Much of the empirical work exploring the relation between professional malpractice and insurance focuses on the medical context. Emerging research expands this focus to include lawyers' professional liability claims. In Liability Insurer Data as a Window on Lawyers’ Professional Liability, Tom Baker (Penn) and Rick Swedloff (Rutgers-Camden) exploits the "best publicly available data" and finds:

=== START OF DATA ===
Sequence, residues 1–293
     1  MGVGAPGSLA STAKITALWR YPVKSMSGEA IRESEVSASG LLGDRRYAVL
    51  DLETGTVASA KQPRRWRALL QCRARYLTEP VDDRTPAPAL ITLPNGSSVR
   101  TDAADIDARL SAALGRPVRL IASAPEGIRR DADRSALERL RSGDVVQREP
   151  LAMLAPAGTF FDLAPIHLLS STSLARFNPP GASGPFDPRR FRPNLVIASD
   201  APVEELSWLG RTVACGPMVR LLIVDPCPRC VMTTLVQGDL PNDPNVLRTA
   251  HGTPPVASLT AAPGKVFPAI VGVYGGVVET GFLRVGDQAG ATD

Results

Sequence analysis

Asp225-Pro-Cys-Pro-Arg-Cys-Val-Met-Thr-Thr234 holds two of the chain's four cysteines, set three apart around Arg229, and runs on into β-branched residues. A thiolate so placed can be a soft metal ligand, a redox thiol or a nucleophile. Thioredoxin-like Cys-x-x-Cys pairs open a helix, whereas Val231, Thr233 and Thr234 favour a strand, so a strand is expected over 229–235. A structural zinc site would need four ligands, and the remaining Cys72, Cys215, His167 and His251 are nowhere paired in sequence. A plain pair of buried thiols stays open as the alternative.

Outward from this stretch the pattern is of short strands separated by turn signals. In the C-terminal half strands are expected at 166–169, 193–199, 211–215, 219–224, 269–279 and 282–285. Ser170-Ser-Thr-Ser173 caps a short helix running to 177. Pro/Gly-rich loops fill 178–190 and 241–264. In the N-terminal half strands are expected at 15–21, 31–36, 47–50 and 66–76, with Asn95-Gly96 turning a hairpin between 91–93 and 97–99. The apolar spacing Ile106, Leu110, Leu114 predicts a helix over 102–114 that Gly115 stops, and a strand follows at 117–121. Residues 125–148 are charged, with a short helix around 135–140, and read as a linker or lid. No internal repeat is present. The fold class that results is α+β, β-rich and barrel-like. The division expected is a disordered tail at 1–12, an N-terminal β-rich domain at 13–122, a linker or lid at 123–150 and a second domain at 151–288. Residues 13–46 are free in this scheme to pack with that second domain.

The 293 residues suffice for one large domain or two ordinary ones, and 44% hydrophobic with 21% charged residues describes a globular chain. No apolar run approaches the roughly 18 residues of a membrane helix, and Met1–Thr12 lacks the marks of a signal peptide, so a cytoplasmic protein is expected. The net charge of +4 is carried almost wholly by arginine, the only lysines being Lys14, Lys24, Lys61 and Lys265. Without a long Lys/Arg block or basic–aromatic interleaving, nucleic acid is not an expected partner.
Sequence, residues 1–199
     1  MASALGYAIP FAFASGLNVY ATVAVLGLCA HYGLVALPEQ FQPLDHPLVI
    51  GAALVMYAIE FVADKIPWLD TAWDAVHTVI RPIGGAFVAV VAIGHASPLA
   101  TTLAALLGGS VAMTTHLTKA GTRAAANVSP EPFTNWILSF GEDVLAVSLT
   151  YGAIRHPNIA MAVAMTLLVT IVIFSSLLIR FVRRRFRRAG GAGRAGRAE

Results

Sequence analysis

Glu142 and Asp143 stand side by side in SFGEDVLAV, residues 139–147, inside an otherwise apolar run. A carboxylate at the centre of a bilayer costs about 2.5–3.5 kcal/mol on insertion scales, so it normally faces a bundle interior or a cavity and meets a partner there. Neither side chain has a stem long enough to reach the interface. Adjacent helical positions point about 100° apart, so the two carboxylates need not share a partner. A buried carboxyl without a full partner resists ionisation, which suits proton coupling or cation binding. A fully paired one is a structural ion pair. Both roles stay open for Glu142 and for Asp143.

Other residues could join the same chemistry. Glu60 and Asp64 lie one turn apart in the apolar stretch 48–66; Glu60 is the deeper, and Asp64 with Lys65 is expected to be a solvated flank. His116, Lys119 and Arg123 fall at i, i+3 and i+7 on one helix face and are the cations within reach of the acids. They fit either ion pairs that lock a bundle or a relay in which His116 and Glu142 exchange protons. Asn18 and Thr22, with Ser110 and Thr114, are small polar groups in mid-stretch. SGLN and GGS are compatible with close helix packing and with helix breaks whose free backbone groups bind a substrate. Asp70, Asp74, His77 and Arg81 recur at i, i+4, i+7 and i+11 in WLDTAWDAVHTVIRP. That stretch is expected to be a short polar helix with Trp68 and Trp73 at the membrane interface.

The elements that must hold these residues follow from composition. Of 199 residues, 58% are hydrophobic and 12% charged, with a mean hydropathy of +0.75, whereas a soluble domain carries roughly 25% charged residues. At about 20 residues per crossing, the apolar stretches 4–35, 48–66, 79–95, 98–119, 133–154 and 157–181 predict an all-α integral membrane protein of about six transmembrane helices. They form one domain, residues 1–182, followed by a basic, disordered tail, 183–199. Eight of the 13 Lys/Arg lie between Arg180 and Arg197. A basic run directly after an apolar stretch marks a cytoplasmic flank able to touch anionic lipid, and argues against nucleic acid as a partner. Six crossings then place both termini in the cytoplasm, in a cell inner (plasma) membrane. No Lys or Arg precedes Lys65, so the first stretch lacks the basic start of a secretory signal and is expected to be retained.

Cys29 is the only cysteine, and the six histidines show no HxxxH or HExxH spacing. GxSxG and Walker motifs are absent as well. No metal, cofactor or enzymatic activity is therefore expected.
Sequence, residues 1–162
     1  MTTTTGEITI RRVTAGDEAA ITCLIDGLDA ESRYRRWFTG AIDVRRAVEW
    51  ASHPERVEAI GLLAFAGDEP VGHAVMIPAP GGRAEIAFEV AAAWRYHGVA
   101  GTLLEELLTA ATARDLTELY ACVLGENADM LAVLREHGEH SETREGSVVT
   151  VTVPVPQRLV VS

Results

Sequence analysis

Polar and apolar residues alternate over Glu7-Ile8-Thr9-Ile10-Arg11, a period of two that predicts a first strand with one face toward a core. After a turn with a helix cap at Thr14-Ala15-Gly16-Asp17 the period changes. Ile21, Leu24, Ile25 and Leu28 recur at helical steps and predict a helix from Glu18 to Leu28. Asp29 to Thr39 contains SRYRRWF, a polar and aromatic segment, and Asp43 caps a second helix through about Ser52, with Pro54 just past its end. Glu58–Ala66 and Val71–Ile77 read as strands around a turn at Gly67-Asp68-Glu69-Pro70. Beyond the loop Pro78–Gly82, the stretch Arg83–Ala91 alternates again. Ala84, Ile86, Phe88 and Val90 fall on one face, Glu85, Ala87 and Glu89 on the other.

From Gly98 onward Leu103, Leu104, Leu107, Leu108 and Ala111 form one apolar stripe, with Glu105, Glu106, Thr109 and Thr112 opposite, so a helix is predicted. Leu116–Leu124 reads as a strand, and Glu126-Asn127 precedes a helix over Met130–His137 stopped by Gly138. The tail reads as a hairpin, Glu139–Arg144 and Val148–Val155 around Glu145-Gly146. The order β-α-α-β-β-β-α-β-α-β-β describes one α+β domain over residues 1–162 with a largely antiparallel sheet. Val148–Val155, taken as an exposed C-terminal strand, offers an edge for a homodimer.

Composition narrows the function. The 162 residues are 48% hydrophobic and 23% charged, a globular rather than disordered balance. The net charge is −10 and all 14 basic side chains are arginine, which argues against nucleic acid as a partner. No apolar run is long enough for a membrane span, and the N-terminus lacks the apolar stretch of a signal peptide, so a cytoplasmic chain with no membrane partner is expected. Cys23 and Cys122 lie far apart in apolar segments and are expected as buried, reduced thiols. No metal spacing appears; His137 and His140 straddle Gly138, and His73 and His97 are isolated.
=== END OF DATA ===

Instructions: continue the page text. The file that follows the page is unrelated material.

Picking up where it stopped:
"remarkable stability over thirty years in the distribution of claims by area of practice among both small and large firms, a large percentage of claims (64-70%) involving de minimus expense (less than $1000) in the small firm market, and in the large firm market a declining rate of 'real claims' per 1000 lawyers, a declining rate of real average gross loss per claim, and stable real premiums per lawyer since the early 1990s."
The authors properly caution readers about data limitations that restrict their findings' generalizability.